- Paperback: 192 pages
- Publisher: Navpress (July 1995)
- Language: English
- ISBN-10: 0891097007
- ISBN-13: 978-0891097006
- Product Dimensions: 0.6 x 6.1 x 9 inches
- Shipping Weight: 12 ounces (View shipping rates and policies)
- Average Customer Review: 28 customer reviews
- Amazon Best Sellers Rank: #386,319 in Books (See Top 100 in Books)
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The Creator and the Cosmos: How the Greatest Scientific Discoveries of the Century Reveal God Paperback – July, 1995
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A spiritual reference you'll want to keep. -- TEACH, Summer 1994
An absolutely fascinating book. -- Jack W. Thacker, Daily News, Bowling Green Kentucky, February 6, 1994
Ross weaves the scientific into an understandable great read. My "best I've read" this year. -- Dr. Waylan Moore, Florida Baptist Witness, December 15, 1994
The best work currently available on this subject. -- BTS Booklist, January 1994
About the Author
DR. HUGH ROSS earned his B.S. in physics from the University of British Columbia and his M.S. and Ph.D. in astronomy from the University of Toronto. He is the founder and president of Reasons to Believe, and hosts a television series by the same name which is broadcast internationally on TBN. A highly requested speaker on the topics of faith and science, Dr. Ross has appeared on numerous radio and television programs, including "CBS Television News," "Praise the Lord," "The 700 Club," and "Focus on the Family." He is the author of three other NavPress books: Creation and Time, Beyond the Cosmos, and The Genesis Question. Dr. Ross and his family live in southern California.
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In the first place, Ross tends to rush a bit through his positive presentations, be somewhat unclear on details, and hurry on to point out the errors in the assumptions of his opponents. (This last, to my mind, he spends an inordinate amount of time doing, and not very well at that. Though he devotes a great deal of space to it overall, he gives very little attention to any one thinker.)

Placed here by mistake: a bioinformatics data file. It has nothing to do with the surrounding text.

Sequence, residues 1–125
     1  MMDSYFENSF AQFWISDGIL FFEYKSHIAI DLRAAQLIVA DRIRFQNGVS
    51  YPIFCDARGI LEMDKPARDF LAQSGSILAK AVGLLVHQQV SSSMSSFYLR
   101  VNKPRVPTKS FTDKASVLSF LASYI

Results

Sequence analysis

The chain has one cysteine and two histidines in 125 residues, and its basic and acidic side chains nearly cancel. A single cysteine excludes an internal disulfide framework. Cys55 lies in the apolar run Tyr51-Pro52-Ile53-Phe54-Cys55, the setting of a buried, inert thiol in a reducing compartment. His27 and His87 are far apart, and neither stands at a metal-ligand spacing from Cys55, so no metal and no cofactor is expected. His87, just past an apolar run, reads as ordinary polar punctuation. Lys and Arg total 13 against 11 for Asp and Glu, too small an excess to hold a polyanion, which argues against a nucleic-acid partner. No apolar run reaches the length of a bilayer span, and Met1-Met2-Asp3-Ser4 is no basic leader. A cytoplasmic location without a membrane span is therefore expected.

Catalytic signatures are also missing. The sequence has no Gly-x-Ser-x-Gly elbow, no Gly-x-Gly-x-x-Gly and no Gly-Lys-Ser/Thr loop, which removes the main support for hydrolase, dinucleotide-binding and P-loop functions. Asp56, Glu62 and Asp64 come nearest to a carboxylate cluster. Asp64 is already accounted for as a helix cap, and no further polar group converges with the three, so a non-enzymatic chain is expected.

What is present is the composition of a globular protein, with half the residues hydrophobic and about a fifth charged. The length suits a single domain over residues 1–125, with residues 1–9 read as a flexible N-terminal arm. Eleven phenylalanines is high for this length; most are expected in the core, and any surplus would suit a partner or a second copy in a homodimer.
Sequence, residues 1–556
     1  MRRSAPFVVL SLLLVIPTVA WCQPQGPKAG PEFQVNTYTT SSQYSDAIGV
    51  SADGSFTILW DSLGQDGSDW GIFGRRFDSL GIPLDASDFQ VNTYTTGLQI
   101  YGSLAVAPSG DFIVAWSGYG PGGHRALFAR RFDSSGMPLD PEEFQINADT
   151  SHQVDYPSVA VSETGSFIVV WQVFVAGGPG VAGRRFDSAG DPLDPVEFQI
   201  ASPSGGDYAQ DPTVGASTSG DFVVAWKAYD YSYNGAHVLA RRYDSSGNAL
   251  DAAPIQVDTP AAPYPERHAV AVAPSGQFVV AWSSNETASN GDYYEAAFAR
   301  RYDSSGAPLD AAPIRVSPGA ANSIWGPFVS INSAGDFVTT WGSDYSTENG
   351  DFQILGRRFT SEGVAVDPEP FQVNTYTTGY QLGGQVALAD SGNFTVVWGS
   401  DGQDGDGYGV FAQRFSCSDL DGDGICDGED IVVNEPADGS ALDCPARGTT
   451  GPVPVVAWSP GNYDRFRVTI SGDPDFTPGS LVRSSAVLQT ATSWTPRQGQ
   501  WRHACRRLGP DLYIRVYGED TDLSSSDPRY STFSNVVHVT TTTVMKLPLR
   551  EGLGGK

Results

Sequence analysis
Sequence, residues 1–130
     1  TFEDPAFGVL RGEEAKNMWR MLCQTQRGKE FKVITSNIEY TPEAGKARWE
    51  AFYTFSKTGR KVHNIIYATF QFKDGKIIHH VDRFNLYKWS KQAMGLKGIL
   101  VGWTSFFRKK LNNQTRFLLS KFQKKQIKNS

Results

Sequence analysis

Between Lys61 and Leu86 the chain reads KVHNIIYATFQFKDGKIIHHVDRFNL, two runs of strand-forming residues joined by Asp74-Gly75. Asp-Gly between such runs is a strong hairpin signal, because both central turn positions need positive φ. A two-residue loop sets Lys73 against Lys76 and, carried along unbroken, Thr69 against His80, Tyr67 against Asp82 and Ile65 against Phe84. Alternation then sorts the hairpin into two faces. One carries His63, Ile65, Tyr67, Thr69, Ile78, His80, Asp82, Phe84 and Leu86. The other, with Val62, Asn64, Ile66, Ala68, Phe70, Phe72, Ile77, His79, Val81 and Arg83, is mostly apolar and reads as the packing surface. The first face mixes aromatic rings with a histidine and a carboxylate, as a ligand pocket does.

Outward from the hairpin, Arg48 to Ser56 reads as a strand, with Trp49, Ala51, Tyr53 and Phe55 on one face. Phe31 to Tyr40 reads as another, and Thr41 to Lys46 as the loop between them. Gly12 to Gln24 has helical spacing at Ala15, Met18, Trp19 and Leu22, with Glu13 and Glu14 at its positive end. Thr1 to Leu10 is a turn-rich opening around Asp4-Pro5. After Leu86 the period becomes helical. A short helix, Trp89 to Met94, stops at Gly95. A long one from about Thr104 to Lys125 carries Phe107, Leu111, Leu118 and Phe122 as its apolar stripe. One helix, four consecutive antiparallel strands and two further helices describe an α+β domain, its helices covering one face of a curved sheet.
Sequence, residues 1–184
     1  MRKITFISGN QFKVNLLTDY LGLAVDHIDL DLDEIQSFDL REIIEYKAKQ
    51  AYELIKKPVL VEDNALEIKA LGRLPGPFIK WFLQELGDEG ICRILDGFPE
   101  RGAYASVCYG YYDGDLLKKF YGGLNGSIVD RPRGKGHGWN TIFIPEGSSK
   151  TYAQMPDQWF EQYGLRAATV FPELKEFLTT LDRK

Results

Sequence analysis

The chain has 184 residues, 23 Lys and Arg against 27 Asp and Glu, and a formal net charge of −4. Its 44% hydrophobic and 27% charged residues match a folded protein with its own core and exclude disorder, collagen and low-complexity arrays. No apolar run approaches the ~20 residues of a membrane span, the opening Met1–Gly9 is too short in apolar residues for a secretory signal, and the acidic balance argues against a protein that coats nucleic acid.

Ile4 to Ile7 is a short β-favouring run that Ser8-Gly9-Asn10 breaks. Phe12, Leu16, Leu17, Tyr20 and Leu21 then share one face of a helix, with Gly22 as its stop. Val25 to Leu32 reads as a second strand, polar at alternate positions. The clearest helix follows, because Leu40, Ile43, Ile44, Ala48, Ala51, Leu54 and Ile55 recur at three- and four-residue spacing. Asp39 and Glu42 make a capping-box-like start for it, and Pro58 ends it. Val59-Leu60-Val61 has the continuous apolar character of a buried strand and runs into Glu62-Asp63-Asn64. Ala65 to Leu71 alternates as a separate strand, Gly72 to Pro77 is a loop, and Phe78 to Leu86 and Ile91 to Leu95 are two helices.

In the second place, and far more seriously given his aim in this book, he very often writes as though the evidence he is presenting tells exclusively in favor of Christianity. It does not; his Creator God, and the relevant chapters of Genesis, are hardly the exclusive property of the Christian religion, and at any rate his cosmological argument proves not one single thing about Jesus. Very nearly every argument in this volume is in fact _also_ an argument for the God of Judaism -- a point lost on Ross because he regards Judaism as in some way "deny[ing] portions of God's transcendence" [p. 79].
(Yes, that's what he says -- in what, as far as I can tell, is his _sole_ comment on Judaism in this entire volume. Since he gives no reason for this remark beyond the fact that Judaism "rejects the New Testament," I have no way to tell precisely _what_ part of Judaism he has misunderstood. By the way, his remark also refers to Islam, Mormonism, and one or two other religions whose adherents will no doubt be surprised to learn that they "deny portions of God's transcendence.")